My main problem with Masters of Sex, so far, has been that at least two to three times an episode, and usually more, some kind of anvil falls. It’s usually the script that’s the culprit; I do feel that all the actors are doing their very best to carry this show along in spite of its somewhat faulty engine. People are either capital-L Liberated or capital-R Repressed; there is none of the ambiguity that characterizes the most ordinary human relationships built into the writing, and the actors can’t be expected to do everything.
And though I’d like to tell you this episode was different, well, it wasn’t. We simply got a new kind of anvil this week in the form of a Magical Negro character.
We start off with the older kinds, though, with Jane reminding Johnson, through the lens of a friend’s marriage, that women who sleep with married men usually end up getting the short end of the stick. Johnson takes this as a signal that she really needs to get on that whole finishing-your-undergraduate-degree thing. But to do so she has to go through Julianne Nicholson’s Dr. DePaul, who is back to drop a few anvils of her own about how much she resents that Johnson is such a protégé of Masters without having those credentials. DePaul references Johnson’s “other talents,” just in case we didn’t get it. But as she has to admit by the end of the episode, Johnson is one of DePaul’s best students.
But just when it seems like they might make the cartoonish Dr. DePaul seem a bit more sympathetic, she goes back to cardboard evil. For my money, a more careful screenwriter would recognize that in some sense DePaul is not wrong; it must have been somewhat infuriating to go through all that medical training and then find that someone without even an undergraduate degree could gain the favor of the hospital’s most respected daughters by mere charm. Not that Johnson is wrong either; she got where she was by competence. The tension in their relationship would be a lot more interesting if the show understood the conflict there. Instead, Masters, upon learning of Johnson’s new commitment to scholarship, he pretends to be encouraging. There’s a boring infotainment subplot here about how he and Johnson are trying to get to work filming the interior of the vagina. But then he asks DePaul to let him know if Johnson signs up for too many more classes; he’s concerned she’ll get “distracted” from her “true work.” God, I hate this guy. DePaul calls him out on that little bit of bullshit, but since she’s in the market for funding herself, she agrees to keep an eye on Johnson.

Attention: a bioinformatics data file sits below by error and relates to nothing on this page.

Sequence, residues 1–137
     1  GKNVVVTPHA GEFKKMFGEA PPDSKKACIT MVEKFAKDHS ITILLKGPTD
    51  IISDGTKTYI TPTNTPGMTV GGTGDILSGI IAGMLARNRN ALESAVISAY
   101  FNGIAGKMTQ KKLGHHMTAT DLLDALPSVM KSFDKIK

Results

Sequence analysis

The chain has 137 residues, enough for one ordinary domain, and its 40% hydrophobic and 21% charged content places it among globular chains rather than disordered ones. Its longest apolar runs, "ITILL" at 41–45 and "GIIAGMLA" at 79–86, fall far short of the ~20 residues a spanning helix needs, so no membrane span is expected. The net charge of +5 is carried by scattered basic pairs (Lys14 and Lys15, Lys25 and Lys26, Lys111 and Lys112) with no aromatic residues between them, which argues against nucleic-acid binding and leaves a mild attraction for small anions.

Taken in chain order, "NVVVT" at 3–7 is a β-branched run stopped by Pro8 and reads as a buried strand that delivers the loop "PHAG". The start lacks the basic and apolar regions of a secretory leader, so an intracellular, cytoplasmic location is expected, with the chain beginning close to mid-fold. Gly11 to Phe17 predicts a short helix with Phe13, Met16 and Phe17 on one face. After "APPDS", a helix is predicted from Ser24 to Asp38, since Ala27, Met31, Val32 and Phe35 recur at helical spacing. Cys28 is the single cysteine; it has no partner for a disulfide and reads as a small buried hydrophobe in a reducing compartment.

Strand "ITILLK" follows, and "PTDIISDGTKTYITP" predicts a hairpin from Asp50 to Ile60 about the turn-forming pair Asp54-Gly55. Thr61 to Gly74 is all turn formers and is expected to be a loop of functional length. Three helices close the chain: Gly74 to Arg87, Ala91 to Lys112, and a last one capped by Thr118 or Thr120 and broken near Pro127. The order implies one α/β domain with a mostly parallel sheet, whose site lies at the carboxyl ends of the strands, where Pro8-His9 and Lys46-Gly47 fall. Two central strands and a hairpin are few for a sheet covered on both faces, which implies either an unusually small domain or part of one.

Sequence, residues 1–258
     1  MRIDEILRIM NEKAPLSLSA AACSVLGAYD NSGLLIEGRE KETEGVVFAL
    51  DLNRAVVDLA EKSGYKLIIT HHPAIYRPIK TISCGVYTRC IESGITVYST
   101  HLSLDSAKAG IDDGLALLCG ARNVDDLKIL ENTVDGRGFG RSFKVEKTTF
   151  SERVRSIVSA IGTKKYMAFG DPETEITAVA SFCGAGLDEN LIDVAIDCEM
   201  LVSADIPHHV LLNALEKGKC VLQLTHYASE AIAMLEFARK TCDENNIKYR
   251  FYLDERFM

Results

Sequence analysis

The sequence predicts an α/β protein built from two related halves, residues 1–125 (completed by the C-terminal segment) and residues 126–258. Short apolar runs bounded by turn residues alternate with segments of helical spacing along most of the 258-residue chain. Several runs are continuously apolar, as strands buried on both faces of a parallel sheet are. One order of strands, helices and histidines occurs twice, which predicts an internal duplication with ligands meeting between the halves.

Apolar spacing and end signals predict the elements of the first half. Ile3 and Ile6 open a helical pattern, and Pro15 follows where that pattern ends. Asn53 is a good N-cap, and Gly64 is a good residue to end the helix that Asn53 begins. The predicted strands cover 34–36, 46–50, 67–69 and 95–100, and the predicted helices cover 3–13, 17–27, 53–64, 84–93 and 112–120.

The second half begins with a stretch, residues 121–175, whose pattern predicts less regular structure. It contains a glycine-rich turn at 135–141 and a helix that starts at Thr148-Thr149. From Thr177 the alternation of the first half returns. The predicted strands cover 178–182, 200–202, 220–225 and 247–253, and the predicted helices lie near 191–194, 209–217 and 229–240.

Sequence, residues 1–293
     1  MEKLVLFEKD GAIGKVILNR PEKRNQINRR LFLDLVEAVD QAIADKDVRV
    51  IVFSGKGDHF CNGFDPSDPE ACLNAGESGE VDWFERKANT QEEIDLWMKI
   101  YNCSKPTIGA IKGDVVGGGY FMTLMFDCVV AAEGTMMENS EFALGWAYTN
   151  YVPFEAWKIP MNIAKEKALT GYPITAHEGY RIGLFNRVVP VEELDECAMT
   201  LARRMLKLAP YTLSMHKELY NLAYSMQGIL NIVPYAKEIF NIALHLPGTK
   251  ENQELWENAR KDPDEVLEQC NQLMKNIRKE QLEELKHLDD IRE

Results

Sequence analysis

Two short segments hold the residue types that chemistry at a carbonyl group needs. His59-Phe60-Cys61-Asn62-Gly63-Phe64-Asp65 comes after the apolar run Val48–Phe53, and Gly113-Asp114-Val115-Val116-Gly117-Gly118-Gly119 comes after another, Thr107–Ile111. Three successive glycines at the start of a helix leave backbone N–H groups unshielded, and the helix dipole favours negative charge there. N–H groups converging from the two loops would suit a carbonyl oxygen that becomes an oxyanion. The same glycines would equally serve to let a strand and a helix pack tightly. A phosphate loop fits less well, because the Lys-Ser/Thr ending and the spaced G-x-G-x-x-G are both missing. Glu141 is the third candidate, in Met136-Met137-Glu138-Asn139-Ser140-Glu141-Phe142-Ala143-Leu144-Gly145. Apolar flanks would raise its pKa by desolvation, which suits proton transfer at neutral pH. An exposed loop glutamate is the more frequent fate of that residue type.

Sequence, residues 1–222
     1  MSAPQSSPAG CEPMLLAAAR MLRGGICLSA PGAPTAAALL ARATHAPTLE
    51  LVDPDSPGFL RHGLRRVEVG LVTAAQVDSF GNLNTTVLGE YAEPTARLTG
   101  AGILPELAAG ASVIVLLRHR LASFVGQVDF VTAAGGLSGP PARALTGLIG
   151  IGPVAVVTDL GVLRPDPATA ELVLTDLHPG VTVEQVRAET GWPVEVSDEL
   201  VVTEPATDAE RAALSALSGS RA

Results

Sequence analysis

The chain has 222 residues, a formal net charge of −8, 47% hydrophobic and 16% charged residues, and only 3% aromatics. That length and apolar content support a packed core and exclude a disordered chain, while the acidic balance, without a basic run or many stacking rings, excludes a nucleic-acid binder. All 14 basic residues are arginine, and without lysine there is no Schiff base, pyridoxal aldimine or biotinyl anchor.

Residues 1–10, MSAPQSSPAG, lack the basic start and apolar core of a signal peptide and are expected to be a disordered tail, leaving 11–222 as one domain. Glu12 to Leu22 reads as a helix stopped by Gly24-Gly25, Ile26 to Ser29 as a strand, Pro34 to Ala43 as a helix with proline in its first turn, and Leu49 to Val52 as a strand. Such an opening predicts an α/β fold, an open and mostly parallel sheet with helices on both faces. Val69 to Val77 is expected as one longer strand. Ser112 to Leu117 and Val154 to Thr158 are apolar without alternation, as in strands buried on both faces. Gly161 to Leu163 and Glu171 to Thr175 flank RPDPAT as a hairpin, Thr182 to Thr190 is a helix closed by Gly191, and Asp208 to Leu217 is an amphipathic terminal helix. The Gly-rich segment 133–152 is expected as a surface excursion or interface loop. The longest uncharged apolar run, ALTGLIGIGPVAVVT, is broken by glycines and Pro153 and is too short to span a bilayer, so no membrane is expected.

Margaret Scully, meanwhile, breaks things off with the generic blond doctor early in the episode. Beau Bridges is back to trying to romance her, but she’s having none of it and asks for a divorce. Nonetheless he can’t shake the idea that what he needs is to flip his sexuality. So he quizzes Masters on treatment methods, and learns of a behavioral technique that involves the patient being made ill with a drug every time he, you know, gets aroused. Sounds delightful. Beau Bridges decides to enlist the prostitute he’s been using to help him, and the prostitute is understandably reluctant. He makes a speech about how if he wanted to hate himself he’d go back to his parents. An anvil clunks in the background. Or maybe it’s the foreground.
Though that big weight falling isn’t half as loud as the one which drops in the Masters house itself, where a bored and frustrated Libby is visited by a black handyman who has no personality beyond that typically granted to the magical Negro. He is good-natured, and all good at dancing! But while Libby dances with him, she faints. Turns out she’s pregnant again.
Oh, right, and Haas proposes to Margaret Scully, after making a terrible speech about how he just thinks he’ll be happier if he has a wife, though he makes it sound like just any old wife will do. Behind all great men are great wives, he says.